Polynesian Airline debts: $300 million or $100 million?
The Government has hit back at reports carried in this newspaper recently about the amount of debt previously carried by the predecessor to Samoa Airways, Polynesian Airlines.
This newspaper has recently reported that the airline's former head, Fauoo Fatu Tielu, who ran the airline from 2006 to 2014 inherited debts as high as $300 million before running them down.
The airline objected to the figure in a Thursday press release, lamenting this newspaper’s contentment to rely on “news that lacks credibility, unverifiable facts, and a lack of understanding of the aviation industry.”
And indeed, in a letter to the editor published today Fauoo Fatu Tielu corrects the record that his comments at a recent event for the Fa'atuatua I le Atua Samoa ua Tasi (F.A.S.T.) party, for which he is now a candidate were mistranscribed and used the term debt where accumulated losses should have been.
“The figure of $300 million was supposed to be changed to “$100 million in Accumulated losses,” the former C.E.O. writes.
According to Fauoo the accumulated loss at June 30, 2006 was $59,903,876 - but only for the operating company called Polynesian Limited.
At the time, he says, there were two other companies which had their own accumulated deficits: Polynesian Airlines Investments Limited with an accumulated deficit of $7,330,519 and Polynesian Airlines Holdings Limited with accumulated deficits of $129,657,174 - both at June 30 2006.
And far from bringing the figure down to zero Fauoo’s focus on running the airline profitably brought its accumulated deficit down to about $31 million by the time he left in 2014, he told the Samoa Observer.
But in his letter he notes he left the airline with some $12 million in cash or funds as part of his turnaround on the national carrier.
But his letter also raises a question: how high did Polynesian Airlines’ debt rise in the course of Samoa’s history?
It’s a difficult question to find concrete answers to but one which the history books suggest significantly imperilled Samoa’s economy.
But in earlier years the issue of the national carrier’s debt was even more significant.
The Airline registered a collapse in 1992, generating debts of more than $200 million, according to a report for the Commonwealth Secretariat and United Nations Research Institute for Social Development 2012 by economist Desmond U. Amosa.
The report noted that the state-owned airline at the time was equivalent to almost 50 per cent of the government’s total budget for the fiscal year 1992/93.
In 1999, the airline's debt still wasn't diminishing as it jumped from $121,667,429 in 2018 to $125,109,142 as stated in the Polynesian Airlines (Holdings) Ltd.'s audited financial statements for the year ended 30 June 1999.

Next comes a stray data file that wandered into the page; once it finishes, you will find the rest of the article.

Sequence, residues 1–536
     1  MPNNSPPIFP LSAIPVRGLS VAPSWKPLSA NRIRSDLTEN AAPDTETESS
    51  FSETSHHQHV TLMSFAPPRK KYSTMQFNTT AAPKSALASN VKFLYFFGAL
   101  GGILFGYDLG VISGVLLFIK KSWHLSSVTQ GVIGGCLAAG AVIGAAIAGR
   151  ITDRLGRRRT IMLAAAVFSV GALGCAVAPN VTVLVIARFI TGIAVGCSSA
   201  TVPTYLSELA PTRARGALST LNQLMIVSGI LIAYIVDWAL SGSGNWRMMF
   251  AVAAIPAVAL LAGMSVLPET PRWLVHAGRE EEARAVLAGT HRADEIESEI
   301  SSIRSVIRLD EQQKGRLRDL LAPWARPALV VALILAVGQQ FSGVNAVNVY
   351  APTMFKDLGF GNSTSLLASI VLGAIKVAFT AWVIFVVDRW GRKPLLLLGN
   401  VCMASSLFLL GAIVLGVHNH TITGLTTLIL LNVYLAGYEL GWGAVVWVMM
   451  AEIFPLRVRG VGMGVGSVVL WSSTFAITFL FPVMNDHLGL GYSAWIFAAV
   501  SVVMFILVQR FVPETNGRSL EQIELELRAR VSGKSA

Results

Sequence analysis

The company incurred a loss of $3,441,713 in 1999 compared to $5,043,976 in the 1998 financial year.
But another former Polynesian Airline Chief, Papalii Grant Percival, told the Samoa Observer that between 1989 and 1992 that he left the airline before its debt woes began.
"We started with no advance from the Government and used funds that had accumulated in Polynesian Airlines Investment Limited under my stewardship as the Civil Aviation Consultant," he responded to questions from this newspaper,” Papalii said.
"We did not borrow any money and used cashflow. That was in 1993 so not sure what happened but when I left there was no debt and our budget forecast a very profitable year. So I really do not know what happened."
According to the succeeding C.E.O. report in the Polynesian Airline Annual Report for the year ending June 30, 2014 - which coincided with Fauoo’s retirement - the net profit after tax for the year amounted to $2.4 million.
This marked the eighth consecutive year the company has achieved a profit since its international jet operation was taken over by Polynesian Blue, which was later rebranded, Virgin Sāmoa in November 2005.
"The other previous seven years had profits of $1,575,232; $1,109,012; $3,883,722; $4,813,564; $2,459,899, $4,064,677 and $2,036,424 respectively – a total of $22,375,014 in eight years," the annual report reads.
Thus, in Fauoo's eight years as Chief, Samoa Airways accumulated a total of $22,375,014 for 8 years or an average profit in excess of $2.7 million per year.
In comparison, eight years before Fauoo took charge, the airline at the time was incurring an average loss in excess of $10 million per year according to Fauoo’s letter.
In his letter, Fauoo explained how he tackled the uphill battle of debts, counter the competition against two competitors from American Samoa at the time and raced against the selling of the Fagalii Airport land.
"So as you can see, the comment by the Prime Minister that there was no competition is rubbish," Fauoo wrote in a letter to this newspaper's Editorial Board.
"It took me many months to convince him to reopen Fagalii but he said nothing until I invoked God’s name in at least two Board meetings.
"His comments of incompetency when you are making profits makes you wonder what term he would use for someone making losses."
(The Prime Minister had earlier diminished Fauoo’s achievements by noting that as the operator of a monopoly airline it would have been nearly impossible not to make a profit).